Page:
The Blue Wave washed away most of its competition in their first matches of the winter season. As swimming and diving returns from a season where both the men’s and women’s teams won SUNYAC titles, they plan to exceed expectations.
The Blue Wave began with a meet on Oct. 27 against the Division I Griffins from Canisius College. Although the men’s team came away with a loss, the women’s team notched a win against the higher seeded team thanks to strong performances in individual relay and from sophomore swimmer Deidra Osula.
Osula felt that the win over a DI team represented a promising preamble to the rest of the team’s season.
“It was really great to beat a DI team when we’re DIII,” Osula said. “I think we’re going to have a really great season because we’re starting off so strong. Even compared to last year, we’re starting off really strong.”
The men were not able to come out on top over the higher seeded team in Canisius, but both teams beat Colby College and SUNY Fredonia during a dual meet at Fredonia on Saturday Nov. 3.
Sophomore swimmer Harry Harkins emphasized that the meets boded well for the men’s season.
“These meets showed that we’re ready for more competitions and to face bigger and better teams,” Harkins said. “[Colby and Fredonia] are both good programs and I was happy from what I saw across the board. It looks like we have a bunch of depth.”
While the victories at these meets have certainly bolstered the team’s early season, many students are more excited about where they can practice than where they played. For the entirety of the 2017-2018 season, the Blue Wave was shut out from its home pool in Merritt Athletic Center due to renovations, according to swimming and diving head coach Paul Dotterweich.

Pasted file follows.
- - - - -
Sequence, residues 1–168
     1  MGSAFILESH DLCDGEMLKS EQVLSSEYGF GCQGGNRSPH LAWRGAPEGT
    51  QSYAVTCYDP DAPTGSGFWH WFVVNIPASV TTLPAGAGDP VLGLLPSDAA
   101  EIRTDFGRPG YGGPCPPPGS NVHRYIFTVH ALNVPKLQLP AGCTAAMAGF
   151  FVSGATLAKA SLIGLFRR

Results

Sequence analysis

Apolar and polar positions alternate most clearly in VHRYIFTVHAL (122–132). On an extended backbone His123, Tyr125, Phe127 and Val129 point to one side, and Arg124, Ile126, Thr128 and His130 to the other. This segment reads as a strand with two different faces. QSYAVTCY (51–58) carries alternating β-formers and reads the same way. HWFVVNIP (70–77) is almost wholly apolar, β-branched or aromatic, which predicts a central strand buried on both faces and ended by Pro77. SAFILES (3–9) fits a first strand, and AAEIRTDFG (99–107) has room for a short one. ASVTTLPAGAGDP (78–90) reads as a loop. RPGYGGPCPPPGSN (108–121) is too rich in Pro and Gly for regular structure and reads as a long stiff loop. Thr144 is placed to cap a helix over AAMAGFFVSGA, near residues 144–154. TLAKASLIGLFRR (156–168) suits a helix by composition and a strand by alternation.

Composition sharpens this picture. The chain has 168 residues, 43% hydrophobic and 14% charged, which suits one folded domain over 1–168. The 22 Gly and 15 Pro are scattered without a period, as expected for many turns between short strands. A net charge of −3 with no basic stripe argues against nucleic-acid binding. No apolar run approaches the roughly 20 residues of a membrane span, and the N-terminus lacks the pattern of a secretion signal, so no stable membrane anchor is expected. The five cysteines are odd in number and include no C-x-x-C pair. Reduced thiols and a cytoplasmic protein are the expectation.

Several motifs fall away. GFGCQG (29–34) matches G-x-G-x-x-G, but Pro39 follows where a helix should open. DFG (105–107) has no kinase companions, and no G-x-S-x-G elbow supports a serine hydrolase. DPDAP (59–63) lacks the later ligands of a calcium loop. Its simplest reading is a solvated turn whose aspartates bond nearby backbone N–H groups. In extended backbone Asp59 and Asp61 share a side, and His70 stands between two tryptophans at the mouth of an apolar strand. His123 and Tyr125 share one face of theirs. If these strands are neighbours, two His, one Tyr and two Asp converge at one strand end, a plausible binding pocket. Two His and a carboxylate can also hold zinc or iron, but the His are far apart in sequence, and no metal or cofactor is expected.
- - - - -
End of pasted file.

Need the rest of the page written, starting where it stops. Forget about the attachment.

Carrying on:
The teams shuttled for 20 to 30 minutes to local high schools whenever they would practice. Since the commute added more time to practice schedules, the players struggled.
“It was extremely difficult,” senior swimmer Nancy Nasky said. “The time commitment was so much more than normal, and it definitely made things like balancing school work really hard. Now I have a pool again and I just look back and I don’t know how I did it last year.”
The team also looks forward to a meet with a hometown crowd at the home opener on Saturday Nov. 10.
“I think we’re all really excited to be back at our own pool and have people come to see the race,” Nasky said. “Last season was such a drag, since every single meet we had was away; our closest ‘home meet’ was in Buffalo.”
Overall, both teams plan to make a run for the SUNYAC title, for the National College Athletic Association meet and for individual recognition at nationals. The men began this season coming off their fifth consecutive win at the SUNYACs, while the women have won eleven straight SUNYAC titles.
Due to their performances in their first three meets, Dotterweich has high expectations for both the men’s and women’s teams. But he especially predicts the women will have a uniquely excellent season.
“On the women’s side, this may be the best team we’ve ever had,” Dotterweich said. “They’re really deep and it’s hard for me to think of any areas where we have a hole in our lineup … I’ve been really pleased with the men too. We graduated nine talented athletes last year and we brought in a big class of freshman. So, we’re pretty young right now, but they’re performing very well. I think we’re in a good spot.”
Despite the Blue Wave’s big splash, the teams recognize areas that could improve.
“There’s always things we could work on,” Dotterweich said. “Almost half of the team are new, so there’s a lot of education that goes on as we teach the newer athletes about our team culture… we’re always tightening the screws and trying to be cleaner and better."